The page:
Putting pressure on aromaticity along with in situ experimental electron density of a molecular crystal

Nicola Casati, Annette Kleppe, Andrew P. Jephcoat, Piero Macchi

Research output: Contribution to journalArticle

24 Citations (Scopus)

Abstract

When pressure is applied, the molecules inside a crystal undergo significant changes of their stereoelectronic properties. The most interesting are those enhancing the reactivity of systems that would be otherwise rather inert at ambient conditions. Before a reaction can occur, however, a molecule must be activated, which means destabilized. In aromatic compounds, molecular stability originates from the resonance between two electronic configurations. Here we show how the resonance energy can be decreased in molecular crystals on application of pressure. The focus is on syn-1,6:8,13-Biscarbonyl[14]annulene, an aromatic compound at ambient conditions that gradually localizes one of the resonant configurations on compression. This phenomenon is evident from the molecular geometries measured at several pressures and from the experimentally determined electron density distribution at 7.7 GPa; the observations presented in this work are validated by periodic DFT calculations.

Original languageEnglish
Article number10901
JournalNature Communications
Volume7
DOIs
Publication statusPublished - Mar 16 2016

Fingerprint

Molecular crystals
Carrier concentration
aromatic compounds
Aromatic compounds
Electrons
Pressure
crystals
Electronic density of states
Molecules
configurations
Discrete Fourier transforms
density distribution
molecules
reactivity
Crystals
Geometry
geometry
electronics
energy

ASJC Scopus subject areas

  • Chemistry(all)
  • Biochemistry, Genetics and Molecular Biology(all)
  • Physics and Astronomy(all)

Cite this

Putting pressure on aromaticity along with in situ experimental electron density of a molecular crystal. / Casati, Nicola; Kleppe, Annette; Jephcoat, Andrew P.; Macchi, Piero.

In: Nature Communications, Vol. 7, 10901, 16.03.2016.

Research output: Contribution to journalArticle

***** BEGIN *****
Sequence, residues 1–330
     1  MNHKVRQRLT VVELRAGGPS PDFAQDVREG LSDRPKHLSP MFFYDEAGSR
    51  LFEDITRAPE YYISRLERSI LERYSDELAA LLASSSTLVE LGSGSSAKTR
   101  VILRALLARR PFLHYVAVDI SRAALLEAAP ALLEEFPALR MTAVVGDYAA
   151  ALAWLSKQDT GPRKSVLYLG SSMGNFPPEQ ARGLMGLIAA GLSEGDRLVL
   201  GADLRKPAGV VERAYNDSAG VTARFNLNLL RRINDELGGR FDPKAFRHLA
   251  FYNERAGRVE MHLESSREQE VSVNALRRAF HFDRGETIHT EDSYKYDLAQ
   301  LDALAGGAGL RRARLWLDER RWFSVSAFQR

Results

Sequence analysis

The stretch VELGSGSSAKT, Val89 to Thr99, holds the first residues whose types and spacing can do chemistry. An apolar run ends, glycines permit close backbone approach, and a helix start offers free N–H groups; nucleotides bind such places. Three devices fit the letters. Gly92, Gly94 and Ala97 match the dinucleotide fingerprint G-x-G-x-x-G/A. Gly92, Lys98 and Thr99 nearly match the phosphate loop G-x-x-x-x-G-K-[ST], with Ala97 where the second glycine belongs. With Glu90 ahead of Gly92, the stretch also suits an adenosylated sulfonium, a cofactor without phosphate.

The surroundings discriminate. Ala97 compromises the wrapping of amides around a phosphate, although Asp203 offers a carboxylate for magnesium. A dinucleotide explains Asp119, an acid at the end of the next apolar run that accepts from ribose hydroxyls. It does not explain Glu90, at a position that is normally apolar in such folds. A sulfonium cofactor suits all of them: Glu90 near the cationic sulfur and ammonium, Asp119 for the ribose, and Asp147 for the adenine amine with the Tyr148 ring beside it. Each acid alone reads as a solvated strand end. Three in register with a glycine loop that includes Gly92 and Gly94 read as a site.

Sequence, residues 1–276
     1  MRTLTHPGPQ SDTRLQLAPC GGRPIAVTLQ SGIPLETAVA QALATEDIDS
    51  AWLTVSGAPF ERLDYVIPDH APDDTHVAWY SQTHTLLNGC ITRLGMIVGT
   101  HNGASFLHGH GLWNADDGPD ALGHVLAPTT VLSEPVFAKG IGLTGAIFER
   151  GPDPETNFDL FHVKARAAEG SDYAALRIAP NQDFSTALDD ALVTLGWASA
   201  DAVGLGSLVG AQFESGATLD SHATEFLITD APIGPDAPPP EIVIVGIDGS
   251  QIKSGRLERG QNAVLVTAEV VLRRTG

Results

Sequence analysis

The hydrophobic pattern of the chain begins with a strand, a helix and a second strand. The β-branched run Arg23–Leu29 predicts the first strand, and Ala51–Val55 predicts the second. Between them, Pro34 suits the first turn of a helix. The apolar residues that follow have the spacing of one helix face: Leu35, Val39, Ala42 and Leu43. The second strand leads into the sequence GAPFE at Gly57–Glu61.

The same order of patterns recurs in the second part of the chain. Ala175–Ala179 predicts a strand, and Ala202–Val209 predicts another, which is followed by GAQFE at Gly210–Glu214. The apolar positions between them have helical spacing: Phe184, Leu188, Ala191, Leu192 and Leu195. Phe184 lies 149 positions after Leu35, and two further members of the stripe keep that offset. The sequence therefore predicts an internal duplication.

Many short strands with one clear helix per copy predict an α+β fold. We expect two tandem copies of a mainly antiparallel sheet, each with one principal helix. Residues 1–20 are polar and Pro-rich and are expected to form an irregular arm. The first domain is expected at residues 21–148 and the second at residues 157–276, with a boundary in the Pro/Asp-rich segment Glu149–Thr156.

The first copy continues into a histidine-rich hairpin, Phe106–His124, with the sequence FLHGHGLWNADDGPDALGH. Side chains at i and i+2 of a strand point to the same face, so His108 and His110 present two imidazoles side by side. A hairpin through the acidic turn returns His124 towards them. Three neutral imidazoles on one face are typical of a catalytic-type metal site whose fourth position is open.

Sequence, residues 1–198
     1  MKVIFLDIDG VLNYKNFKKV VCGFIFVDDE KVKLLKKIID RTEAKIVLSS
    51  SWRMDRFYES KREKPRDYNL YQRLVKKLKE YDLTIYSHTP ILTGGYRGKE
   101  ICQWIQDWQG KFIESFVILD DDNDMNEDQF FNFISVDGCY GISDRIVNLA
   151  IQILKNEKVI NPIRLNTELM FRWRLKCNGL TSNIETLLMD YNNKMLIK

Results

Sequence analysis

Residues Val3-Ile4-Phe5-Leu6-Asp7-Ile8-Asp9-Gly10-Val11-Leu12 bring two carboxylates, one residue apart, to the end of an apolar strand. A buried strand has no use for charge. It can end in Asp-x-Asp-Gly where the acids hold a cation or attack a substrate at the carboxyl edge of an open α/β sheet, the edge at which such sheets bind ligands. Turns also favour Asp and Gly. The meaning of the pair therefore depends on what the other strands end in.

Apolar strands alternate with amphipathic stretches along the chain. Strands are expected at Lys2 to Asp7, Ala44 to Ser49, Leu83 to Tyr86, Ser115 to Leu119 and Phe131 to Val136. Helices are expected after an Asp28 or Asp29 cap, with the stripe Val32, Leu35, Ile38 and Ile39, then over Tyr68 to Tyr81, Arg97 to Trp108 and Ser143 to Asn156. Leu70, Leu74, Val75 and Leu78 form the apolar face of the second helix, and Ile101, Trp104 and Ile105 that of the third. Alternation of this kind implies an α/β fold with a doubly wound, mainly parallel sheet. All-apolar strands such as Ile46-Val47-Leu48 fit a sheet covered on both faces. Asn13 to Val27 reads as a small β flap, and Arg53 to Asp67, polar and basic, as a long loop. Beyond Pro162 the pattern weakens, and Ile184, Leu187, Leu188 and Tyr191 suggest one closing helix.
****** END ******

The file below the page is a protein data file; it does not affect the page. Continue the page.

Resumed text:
Casati, Nicola ; Kleppe, Annette ; Jephcoat, Andrew P. ; Macchi, Piero. / Putting pressure on aromaticity along with in situ experimental electron density of a molecular crystal. In: Nature Communications. 2016 ; Vol. 7.
@article{4b9675b33af54d878620d1f1a28247ef,
title = "Putting pressure on aromaticity along with in situ experimental electron density of a molecular crystal",
abstract = "When pressure is applied, the molecules inside a crystal undergo significant changes of their stereoelectronic properties. The most interesting are those enhancing the reactivity of systems that would be otherwise rather inert at ambient conditions. Before a reaction can occur, however, a molecule must be activated, which means destabilized. In aromatic compounds, molecular stability originates from the resonance between two electronic configurations. Here we show how the resonance energy can be decreased in molecular crystals on application of pressure. The focus is on syn-1,6:8,13-Biscarbonyl[14]annulene, an aromatic compound at ambient conditions that gradually localizes one of the resonant configurations on compression. This phenomenon is evident from the molecular geometries measured at several pressures and from the experimentally determined electron density distribution at 7.7 GPa; the observations presented in this work are validated by periodic DFT calculations.",